Resting Heart Rate, Heart Rate Variability: Still Making Progress?

Although many of my posts aimed at improving health and longevity are focused on diet, in this post I’ll show data that demonstrates that I’ve been able to steadily improve my cardiovascualr fitness. In earlier posts I reported that a resting heart rate (RHR) of 40 beats per minute (bpm) was associated with lowest risk for all-cause mortality (, and I noted my own RHR progress in a year-over-year update, from values of 51.5 – 52.7 bpm in August – Sept 2018 to 49.3 – 48.7 bpm during the same months in 2019 (see Have I continued to make progress?

Shown below are 2 more months of RHR data, from August – November 2018, and the data for those months in 2019:
rhr 4 moFrom August – November 2018, I reduced my RHR from ~52 to 50 bpm, whereas in 2019, I made smaller progress, but the trend is still downward, from 49 to 48 bpm. The 2018 data is significantly different from the 2019 data, as assessed by single-factor ANOVA (p = 8E-14).

Adding strength to these findings is that my heart rate variability (HRV), as a second index of cardiovascular health, has increased during the same period:

hrv2Note that from August – November 2018, my average daily HRV value never topped 48, whereas during the same 4 months in 2019, it was never lower than 52.1, with my best ever HRV values found in November. The 2018 is significantly different when compared with 2019, again based on single-factor ANOVA (p = 5.2E-13).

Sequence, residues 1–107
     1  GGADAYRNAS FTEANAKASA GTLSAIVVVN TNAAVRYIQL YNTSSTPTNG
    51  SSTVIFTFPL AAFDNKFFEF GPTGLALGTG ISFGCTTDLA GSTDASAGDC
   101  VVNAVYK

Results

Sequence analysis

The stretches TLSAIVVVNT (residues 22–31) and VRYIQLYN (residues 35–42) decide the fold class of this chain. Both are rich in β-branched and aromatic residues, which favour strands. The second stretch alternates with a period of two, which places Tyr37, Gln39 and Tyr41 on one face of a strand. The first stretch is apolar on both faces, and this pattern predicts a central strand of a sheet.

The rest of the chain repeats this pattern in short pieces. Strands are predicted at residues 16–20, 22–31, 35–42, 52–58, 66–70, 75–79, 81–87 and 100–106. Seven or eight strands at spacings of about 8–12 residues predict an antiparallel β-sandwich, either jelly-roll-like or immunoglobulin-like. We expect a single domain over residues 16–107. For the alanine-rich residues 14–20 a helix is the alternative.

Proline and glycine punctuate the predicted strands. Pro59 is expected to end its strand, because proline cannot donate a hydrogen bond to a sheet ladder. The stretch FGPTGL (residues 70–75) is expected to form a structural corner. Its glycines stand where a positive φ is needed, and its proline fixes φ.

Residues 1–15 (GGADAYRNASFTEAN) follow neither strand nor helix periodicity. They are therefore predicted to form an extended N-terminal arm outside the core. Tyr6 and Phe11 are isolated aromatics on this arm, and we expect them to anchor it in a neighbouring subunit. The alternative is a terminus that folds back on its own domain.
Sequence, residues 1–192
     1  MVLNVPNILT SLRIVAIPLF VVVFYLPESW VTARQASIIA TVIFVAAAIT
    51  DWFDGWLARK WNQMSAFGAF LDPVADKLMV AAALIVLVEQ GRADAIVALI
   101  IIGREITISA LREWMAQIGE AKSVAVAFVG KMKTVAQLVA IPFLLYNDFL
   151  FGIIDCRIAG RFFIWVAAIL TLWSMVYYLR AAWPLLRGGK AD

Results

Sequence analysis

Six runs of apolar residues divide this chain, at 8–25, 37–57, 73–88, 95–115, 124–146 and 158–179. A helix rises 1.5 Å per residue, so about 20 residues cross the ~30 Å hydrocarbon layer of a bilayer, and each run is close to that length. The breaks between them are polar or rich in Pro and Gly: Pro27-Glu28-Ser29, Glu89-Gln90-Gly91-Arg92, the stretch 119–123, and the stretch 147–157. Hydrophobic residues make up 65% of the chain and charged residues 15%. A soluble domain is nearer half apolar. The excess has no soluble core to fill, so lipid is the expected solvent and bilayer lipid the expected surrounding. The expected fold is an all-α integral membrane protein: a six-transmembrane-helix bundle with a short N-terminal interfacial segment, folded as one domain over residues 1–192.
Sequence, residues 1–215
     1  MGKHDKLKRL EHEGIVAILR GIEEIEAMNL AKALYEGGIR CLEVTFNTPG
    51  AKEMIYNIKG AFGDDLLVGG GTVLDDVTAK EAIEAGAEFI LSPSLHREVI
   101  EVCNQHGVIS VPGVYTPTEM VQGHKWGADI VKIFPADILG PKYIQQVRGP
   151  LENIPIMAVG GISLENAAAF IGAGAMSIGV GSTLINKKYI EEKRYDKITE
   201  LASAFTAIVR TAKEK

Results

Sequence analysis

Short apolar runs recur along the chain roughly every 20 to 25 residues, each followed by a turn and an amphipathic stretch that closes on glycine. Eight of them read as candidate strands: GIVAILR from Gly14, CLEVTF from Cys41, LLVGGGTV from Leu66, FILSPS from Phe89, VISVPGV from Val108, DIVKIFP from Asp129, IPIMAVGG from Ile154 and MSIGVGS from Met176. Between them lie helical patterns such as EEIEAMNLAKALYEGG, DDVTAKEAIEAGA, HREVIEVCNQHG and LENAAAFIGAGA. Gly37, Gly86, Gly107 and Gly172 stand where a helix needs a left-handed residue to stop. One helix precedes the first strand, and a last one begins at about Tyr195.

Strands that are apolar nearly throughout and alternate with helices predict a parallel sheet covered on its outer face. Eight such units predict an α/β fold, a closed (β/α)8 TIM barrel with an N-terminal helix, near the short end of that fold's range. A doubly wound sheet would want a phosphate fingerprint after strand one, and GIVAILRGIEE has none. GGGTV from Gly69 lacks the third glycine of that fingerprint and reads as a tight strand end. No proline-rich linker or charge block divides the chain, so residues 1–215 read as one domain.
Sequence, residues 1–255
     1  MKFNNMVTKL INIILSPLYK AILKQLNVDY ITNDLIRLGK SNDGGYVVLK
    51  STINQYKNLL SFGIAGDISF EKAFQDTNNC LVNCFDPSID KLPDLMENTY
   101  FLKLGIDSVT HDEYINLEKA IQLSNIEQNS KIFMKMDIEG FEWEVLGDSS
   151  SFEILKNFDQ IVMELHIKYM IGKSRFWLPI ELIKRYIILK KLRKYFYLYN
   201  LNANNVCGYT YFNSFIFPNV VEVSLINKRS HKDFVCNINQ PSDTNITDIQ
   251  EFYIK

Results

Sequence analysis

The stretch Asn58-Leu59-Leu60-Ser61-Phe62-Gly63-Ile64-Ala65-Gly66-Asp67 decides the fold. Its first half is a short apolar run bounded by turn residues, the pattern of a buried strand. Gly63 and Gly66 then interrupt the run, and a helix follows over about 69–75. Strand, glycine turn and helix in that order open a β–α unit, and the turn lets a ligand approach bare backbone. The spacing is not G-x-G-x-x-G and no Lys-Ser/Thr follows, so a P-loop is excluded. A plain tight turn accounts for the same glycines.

How am I improving my cardiovascular fitness? That’s a topic for another post, but note that my strength is still pretty good, as evidenced by my 12 pull-ups in the video below!

If you’re interested, have a look at my book!

Michael Lustgarten

Ph.D, Physiology, University of Texas Health Science Center at San Antonio, 2009 B.S., Biochemistry, Queens College, 2003 B.A, English Textual Studies, 1994, Syracuse University

6 thoughts on “Resting Heart Rate, Heart Rate Variability: Still Making Progress?

    1. My cardio duration has stayed mostly consistent since I started tracking RHR and HRV. Similarly, my 1-hour workouts (including weights, core, stretching)have also been consistent at 3-4x/week during that time. I’ve become decently good at managing overtraining and overeating, both which increase my RHR and decrease my HRV. I’d say that, plus the consistency of my exercise cumulatively improving my RHR and HRV.

  1. Hi – cyclists have some of the lowest RHR out there – it’s a perfect cardio exercise.
    I went from 70s to 32 bpm in about nine months by cycling around 10-15 hours a week. I was in my early 20s at the time, tracked everything with heart rate/blood pressure monitor. Your progress has been fairly gentle. Although I’d stay off the roads if you care about your mortality risks haha. Get a peloton bike?

    1. My progress is purposefully slow, as I intend on having continued improvement for a long time. Sure, I could kick ass on a bike or run a lot and get it to lower, faster, but I’m more interested in an approach that I can use for the next 75+ years!

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